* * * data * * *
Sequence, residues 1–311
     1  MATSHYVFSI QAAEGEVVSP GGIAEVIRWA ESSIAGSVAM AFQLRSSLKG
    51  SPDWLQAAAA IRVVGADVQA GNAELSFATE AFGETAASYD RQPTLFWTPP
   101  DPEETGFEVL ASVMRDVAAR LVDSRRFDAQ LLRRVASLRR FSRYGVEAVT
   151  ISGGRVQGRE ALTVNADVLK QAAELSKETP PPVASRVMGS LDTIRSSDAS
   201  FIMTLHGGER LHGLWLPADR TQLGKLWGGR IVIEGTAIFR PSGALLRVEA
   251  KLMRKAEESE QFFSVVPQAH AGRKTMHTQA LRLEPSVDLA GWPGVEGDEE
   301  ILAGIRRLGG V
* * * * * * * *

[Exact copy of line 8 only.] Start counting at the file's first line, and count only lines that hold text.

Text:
   301  ILAGIRRLGG V